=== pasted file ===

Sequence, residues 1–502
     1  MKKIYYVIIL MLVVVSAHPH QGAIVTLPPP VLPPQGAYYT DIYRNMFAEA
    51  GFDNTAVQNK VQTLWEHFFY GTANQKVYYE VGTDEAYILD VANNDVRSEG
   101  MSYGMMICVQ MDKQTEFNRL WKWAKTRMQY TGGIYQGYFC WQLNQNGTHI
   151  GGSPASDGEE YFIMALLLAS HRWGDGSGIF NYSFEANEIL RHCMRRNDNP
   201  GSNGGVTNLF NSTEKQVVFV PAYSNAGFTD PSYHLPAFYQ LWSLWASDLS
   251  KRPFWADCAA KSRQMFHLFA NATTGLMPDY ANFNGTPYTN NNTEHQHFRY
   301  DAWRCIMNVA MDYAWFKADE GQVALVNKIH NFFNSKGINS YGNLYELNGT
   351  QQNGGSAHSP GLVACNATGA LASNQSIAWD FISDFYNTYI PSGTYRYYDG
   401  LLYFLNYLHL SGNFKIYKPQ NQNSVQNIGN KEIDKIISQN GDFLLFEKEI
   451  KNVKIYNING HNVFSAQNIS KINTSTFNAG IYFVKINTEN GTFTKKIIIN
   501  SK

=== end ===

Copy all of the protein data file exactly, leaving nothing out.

Sequence, residues 1–502
     1  MKKIYYVIIL MLVVVSAHPH QGAIVTLPPP VLPPQGAYYT DIYRNMFAEA
    51  GFDNTAVQNK VQTLWEHFFY GTANQKVYYE VGTDEAYILD VANNDVRSEG
   101  MSYGMMICVQ MDKQTEFNRL WKWAKTRMQY TGGIYQGYFC WQLNQNGTHI
   151  GGSPASDGEE YFIMALLLAS HRWGDGSGIF NYSFEANEIL RHCMRRNDNP
   201  GSNGGVTNLF NSTEKQVVFV PAYSNAGFTD PSYHLPAFYQ LWSLWASDLS
   251  KRPFWADCAA KSRQMFHLFA NATTGLMPDY ANFNGTPYTN NNTEHQHFRY
   301  DAWRCIMNVA MDYAWFKADE GQVALVNKIH NFFNSKGINS YGNLYELNGT
   351  QQNGGSAHSP GLVACNATGA LASNQSIAWD FISDFYNTYI PSGTYRYYDG
   401  LLYFLNYLHL SGNFKIYKPQ NQNSVQNIGN KEIDKIISQN GDFLLFEKEI
   451  KNVKIYNING HNVFSAQNIS KINTSTFNAG IYFVKINTEN GTFTKKIIIN
   501  SK